stories and illustration

A Single Straying Swan

For Christmas I was given a new camera, all singing all dancing, of course I haven’t mastered the half of it yet.  I have  the correct memory card, a fancy new strap, the instructions on CD (not yet gone through, apart from the opening pages, I am going at this nice and slow) – and nervousness. Technophobe, c’est moi – up to a point –   I do take a delight when something is understood, leaving aside any sense of mastery;  but I am terrified of pushing the wrong button, pushing another button too hard, ruining things.  In the long run, practice, and reading the instructions slowly and with attention, does help.  Anyway, this lovely camera has a good zoom lens (ZOOM ZOOM) so this afternoon, on a damp winter’s day I decided to just stroll round and see what I could see.  An obliging swan had sailed, probably sideways, up the branch off the Tweed which is the River Leet, and this singular swan was just swimming around in what was something between the Leet and overflow sludge.  It seemed quite unruffled and paid no notice of me as I tried out the zoom lens on my swimming target. In the end I continued my walk, right round the open spaces of the Lees, I didn’t mean to go far, but by the time I had gone far enough it was as well to continue as to go  back.  No weather for any more photographs. The rain began to fall, the wind practically pushed me sideways, I noticed that a couple of big branches had come down from my favourite tree on the edge of the big fields. Wind so high I had to take off the possum hat to prevent it blowing into the Tweed. The trees ahead “a chocolate mist” as described by a Victorian poet, either Coleridge or Swinburne (I think) – always think of that in winter, in the countryside. The fishing hut was all locked up, with padlocked shutters.  There was a big red notice  fastened on a nearby tree, instructions to keep dogs on a lead as rat poison had been laid nearby. Coming back past Lees House saw that someone had carved the image of a fish into the stump of a hewn tree.  When I got back home I managed to extract the memory card and put it into the computer.  A small pause, then hello, instructions to put pictures on to the computer.  A good day’s work… what fun I will have….what larks, Pip…..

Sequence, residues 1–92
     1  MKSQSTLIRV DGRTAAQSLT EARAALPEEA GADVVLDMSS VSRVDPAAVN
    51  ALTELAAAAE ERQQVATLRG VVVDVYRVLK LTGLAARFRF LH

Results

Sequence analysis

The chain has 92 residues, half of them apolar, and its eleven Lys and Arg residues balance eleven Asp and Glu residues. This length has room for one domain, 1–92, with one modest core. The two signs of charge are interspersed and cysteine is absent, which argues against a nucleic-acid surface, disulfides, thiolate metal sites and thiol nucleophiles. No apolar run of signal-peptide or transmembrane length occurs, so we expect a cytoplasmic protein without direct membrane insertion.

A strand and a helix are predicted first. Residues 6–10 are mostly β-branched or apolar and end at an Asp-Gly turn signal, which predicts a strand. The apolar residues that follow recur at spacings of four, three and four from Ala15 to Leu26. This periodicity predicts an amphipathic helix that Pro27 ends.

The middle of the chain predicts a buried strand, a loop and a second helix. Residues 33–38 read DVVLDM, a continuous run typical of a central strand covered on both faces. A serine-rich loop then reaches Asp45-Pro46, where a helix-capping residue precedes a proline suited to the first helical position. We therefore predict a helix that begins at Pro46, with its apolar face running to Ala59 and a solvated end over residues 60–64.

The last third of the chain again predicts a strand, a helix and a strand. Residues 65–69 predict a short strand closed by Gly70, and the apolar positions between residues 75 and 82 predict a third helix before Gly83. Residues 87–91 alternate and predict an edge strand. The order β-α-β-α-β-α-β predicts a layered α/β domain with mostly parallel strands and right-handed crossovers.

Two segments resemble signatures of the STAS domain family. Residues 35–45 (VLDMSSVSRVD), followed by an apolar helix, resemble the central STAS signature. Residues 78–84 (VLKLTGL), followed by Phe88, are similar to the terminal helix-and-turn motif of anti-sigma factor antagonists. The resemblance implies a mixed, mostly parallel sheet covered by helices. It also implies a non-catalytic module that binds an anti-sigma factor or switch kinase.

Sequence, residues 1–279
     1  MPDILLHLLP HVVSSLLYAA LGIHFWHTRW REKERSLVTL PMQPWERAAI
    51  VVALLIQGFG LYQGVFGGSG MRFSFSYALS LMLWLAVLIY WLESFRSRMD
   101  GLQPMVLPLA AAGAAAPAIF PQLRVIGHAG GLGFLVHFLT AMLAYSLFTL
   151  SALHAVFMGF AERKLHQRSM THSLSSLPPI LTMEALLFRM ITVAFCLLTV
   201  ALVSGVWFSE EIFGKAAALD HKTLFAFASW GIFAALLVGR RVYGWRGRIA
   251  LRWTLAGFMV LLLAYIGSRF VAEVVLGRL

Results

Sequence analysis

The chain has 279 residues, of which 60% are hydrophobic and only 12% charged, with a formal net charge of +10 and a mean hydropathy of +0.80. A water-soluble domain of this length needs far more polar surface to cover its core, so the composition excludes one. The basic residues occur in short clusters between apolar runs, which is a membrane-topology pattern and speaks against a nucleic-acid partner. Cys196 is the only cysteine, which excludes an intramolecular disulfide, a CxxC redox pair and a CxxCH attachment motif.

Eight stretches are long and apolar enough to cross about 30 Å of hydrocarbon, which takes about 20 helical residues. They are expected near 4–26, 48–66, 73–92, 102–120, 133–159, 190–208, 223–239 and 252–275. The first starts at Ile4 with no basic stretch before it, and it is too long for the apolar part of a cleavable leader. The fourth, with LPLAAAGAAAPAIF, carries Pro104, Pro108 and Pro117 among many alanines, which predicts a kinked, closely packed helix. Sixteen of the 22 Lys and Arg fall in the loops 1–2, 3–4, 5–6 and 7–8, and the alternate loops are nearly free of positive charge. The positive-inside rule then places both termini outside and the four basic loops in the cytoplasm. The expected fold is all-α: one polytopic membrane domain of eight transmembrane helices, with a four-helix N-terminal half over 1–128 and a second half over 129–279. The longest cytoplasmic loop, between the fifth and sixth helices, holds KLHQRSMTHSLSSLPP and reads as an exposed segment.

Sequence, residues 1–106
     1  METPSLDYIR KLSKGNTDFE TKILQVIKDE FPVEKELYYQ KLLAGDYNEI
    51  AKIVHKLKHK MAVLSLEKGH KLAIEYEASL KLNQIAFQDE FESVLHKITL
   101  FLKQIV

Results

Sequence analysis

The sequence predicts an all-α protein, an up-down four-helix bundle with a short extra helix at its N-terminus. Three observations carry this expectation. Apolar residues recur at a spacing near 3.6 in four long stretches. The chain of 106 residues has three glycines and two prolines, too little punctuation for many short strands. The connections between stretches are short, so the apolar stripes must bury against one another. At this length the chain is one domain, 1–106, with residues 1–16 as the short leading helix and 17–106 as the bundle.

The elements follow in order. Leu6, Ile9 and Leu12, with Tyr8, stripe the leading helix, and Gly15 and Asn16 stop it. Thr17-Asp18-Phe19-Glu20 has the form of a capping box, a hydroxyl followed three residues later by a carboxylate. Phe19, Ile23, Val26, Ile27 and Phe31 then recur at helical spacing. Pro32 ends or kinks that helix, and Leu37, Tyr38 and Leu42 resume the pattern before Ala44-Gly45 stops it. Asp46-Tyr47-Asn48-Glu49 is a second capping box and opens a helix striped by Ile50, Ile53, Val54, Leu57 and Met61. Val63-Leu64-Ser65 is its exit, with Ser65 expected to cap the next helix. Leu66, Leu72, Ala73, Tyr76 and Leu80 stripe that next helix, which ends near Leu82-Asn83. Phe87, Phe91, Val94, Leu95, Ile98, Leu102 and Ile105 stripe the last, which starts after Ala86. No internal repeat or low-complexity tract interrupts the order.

January 7, 2014 - Posted by | Photography, Uncategorized | , , , , , , , , , ,


  1. Have fun playing with your new camera….what is it if I can ask?
    You caught some lovely moody shots of that lonely winter swan 🙂


    Comment by greenmackenzie | January 7, 2014 | Reply

    • Hi, Seonaid. It’s a Fujifilm Finepix S1700 – I want to use the zoom to at last get a decent picture of one of the herons that tantalise me by their presence, but know just when to wing it. Dark weather at the moment, but as the nights lighten I hope to get out again for longer walks, especially up the Hirsel Lake.


      Comment by Cara Lockhart Smith | January 8, 2014 | Reply

  2. Lovely photos, Cara. Have so much fun with your new camera! I must say, though, that solitary swans are always sad to me . . . they are either very young and unsure of themselves or have lost a mate (they mate for life). I know it is too humanizing, but that is me!


    Comment by Maggie Beck | January 8, 2014 | Reply

    • Yes, Maggie, it did strike me as being slightly un-swanlike in behaviour, so passive. However, I noticed that it did drift back towards the Tweed, and this morning it had disappeared, so I hope it is all right. The water-levels are very high, so maybe it had lost its bearings.


      Comment by Cara Lockhart Smith | January 8, 2014 | Reply

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